NEW ORLEANS — Pat Riley and Danny Ainge, who battled in the NBA Finals throughout the 1980s when Riley was the Lakers coach and Ainge was a Celtics guard, now compete as executives. Three decades don’t dull a real rivalry and, Friday, Riley sent some sharp words Ainge’s way, through Heat spokesman Tim Donovan, roughly 100 minutes prior to Miami’s tipoff against the Hornets:

“Danny Ainge needs to shut the f – – up and manage his own team. He was the biggest whiner going when he was playing and I know that because I coached against him.”

What compelled that colorful if curt outburst, after Riley hadn’t spoken to the Miami-based media — in any form — about basketball matters since free agency in July?

Wednesday night, after losing to the Bulls in Chicago, LeBron James made the case that many of the fouls committed against him — including two by the Bulls in that game — are not “basketball plays.” Thursday morning, Ainge, the Celtics’ President of Basketball Operations, said on WEEI in Boston that “I think that it’s almost embarrassing that LeBron would complain about officiating.”

After Friday morning’s shootaround, James asked if Ainge’s input surprised him.

“I’m not surprised to hear anything from Boston,” James said, smiling. “No, not surprised at all.”


James, who is averaging his fewest free throws since his rookie season, said he didn’t care about anybody’s response, even though “I know that everything I say is either going to be blown out of proportion or taken the wrong way. But I said what I had to say, and I move on.”

After Donovan relayed Riley’s quotes to the media Friday evening, coach Erik Spoelstra was asked to speak on them.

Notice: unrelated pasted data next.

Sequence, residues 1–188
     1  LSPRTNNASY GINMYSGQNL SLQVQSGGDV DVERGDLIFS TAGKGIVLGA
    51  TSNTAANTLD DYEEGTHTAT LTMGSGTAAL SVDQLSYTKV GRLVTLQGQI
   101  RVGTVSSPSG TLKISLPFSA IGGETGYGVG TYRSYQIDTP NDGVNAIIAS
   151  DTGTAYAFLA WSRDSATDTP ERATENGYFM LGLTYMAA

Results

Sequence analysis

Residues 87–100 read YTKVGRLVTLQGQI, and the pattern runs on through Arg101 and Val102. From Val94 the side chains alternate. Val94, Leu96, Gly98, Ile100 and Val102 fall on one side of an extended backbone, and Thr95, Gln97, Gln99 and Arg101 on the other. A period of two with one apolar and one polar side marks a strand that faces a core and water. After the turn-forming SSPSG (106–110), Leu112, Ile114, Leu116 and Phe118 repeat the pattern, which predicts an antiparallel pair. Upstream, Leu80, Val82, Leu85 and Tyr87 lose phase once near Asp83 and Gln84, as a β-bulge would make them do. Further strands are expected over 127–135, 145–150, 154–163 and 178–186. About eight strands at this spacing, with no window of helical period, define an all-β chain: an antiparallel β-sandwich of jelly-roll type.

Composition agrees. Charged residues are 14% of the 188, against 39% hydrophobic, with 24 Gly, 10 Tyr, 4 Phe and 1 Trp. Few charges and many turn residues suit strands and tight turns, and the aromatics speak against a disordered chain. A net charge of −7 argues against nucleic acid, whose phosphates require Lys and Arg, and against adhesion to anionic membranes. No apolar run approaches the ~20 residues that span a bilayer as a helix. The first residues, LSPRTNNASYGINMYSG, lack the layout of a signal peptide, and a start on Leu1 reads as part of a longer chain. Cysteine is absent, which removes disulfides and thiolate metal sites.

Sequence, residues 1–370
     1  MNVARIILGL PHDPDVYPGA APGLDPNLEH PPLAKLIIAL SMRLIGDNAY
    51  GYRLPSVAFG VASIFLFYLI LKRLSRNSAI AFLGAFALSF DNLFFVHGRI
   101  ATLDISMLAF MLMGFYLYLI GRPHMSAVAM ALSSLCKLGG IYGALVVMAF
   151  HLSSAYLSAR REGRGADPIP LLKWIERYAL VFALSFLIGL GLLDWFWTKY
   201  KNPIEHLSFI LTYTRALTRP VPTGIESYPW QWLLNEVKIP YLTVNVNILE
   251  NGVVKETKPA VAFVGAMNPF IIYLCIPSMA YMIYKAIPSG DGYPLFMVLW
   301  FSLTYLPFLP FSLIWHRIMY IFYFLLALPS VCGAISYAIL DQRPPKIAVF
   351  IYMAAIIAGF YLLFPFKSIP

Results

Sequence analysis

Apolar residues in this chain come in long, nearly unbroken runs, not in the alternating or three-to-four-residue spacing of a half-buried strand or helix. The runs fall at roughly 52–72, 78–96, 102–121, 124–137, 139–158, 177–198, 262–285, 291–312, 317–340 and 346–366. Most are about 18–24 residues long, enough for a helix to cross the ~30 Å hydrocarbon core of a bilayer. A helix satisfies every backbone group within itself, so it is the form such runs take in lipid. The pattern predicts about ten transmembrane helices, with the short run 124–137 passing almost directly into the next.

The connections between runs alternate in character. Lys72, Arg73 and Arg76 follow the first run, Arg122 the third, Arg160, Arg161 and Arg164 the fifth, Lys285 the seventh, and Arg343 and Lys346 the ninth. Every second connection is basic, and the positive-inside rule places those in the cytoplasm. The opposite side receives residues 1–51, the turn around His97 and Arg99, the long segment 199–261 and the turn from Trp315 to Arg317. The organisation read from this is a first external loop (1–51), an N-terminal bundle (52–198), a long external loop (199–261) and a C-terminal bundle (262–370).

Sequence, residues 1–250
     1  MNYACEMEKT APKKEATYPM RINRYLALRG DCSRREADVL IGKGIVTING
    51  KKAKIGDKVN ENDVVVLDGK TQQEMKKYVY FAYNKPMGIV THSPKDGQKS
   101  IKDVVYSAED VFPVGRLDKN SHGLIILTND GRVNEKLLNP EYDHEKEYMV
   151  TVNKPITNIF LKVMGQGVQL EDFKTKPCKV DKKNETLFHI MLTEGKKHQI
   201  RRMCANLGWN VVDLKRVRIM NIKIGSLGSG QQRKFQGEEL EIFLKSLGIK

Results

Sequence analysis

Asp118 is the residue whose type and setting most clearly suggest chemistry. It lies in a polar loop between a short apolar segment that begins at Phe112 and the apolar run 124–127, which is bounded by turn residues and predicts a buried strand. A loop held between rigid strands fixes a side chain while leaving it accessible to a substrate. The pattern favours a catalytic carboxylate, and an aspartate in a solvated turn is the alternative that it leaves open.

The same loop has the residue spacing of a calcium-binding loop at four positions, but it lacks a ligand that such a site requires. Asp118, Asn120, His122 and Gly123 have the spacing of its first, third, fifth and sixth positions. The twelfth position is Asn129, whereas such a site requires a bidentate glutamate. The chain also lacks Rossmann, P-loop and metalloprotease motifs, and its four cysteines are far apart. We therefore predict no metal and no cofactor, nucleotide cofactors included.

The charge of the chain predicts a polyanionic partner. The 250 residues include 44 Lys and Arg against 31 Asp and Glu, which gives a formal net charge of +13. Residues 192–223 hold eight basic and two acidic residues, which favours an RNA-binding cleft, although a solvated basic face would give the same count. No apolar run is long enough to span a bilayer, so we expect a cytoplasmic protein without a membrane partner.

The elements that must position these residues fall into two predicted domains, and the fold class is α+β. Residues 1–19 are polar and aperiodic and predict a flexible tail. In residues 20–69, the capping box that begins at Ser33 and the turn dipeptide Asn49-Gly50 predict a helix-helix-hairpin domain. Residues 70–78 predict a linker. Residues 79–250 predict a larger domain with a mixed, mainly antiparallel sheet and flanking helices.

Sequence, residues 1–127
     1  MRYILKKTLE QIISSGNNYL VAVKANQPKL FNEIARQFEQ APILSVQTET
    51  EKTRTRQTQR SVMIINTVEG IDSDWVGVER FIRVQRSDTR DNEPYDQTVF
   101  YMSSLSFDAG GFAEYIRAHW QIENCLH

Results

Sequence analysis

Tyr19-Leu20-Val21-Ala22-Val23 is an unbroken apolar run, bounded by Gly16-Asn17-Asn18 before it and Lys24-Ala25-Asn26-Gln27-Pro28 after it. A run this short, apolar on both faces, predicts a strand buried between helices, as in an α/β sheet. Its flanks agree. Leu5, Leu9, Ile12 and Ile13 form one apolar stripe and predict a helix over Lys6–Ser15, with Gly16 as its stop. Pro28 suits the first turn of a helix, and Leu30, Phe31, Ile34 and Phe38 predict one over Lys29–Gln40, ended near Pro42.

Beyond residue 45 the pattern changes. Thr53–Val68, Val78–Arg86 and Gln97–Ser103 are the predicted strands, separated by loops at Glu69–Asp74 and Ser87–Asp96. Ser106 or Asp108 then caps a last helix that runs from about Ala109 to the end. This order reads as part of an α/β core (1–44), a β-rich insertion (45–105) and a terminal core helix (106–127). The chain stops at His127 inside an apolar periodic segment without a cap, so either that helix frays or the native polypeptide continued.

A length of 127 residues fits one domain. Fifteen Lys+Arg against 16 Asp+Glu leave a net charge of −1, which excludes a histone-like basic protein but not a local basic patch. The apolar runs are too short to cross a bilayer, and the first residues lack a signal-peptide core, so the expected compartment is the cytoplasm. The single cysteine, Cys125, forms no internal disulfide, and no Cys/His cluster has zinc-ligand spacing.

“I love direct GM-to-GM communication,” he said, smiling. “It’s awesome.”

Ray Allen, who played for the Celtics the past five seasons, also smiled when the quotes were read to him.

“That’s between Danny and Pat,” Allen said. “They obviously have a lot of history.”

James does not hold a structured press availability prior to games, but when Riley’s just-released statement was mentioned to him — as he got stretched on the floor and scrolled through Twitter — he referred to it as “awesome.” When told of the statement, a couple of his teammates also heartily approved.


Heat players have frequently expressed amusement that representatives of other teams — whether players, coaches or executives — tend to talk so much about them. They are especially amused by the Celtics’ chatter about them, whether it’s coming from Jason Terry or Paul Pierce or whomever; one Heat player referred to it as an “obsession.”

The teams could meet in the first round of the playoffs, if the Celtics slide behind the Bucks. Last postseason, they played in the 2012 Eastern Conference finals — and, as reported by Yahoo Sports, Ainge confronted the NBA’s VP of Referee Operations, Joe Borgia, after James received 24 free throws in Game 2.

The back-and-forth continued until the Celtics tipped off, in Boston against Atlanta.

“We’re both right,” Ainge told the Boston Globe. “LeBron should stop complaining and I should manage my own team. . Pat Riley’s right. I should manage my own team and I complained a lot (as a player). And I’m right. LeBron should be embarrassed by how he complains about the calls he gets.”

Doc Rivers played for Riley in New York and now works for Ainge.

“I think it’s cool,” the Celtics coach said. “I think they should duke it out.”

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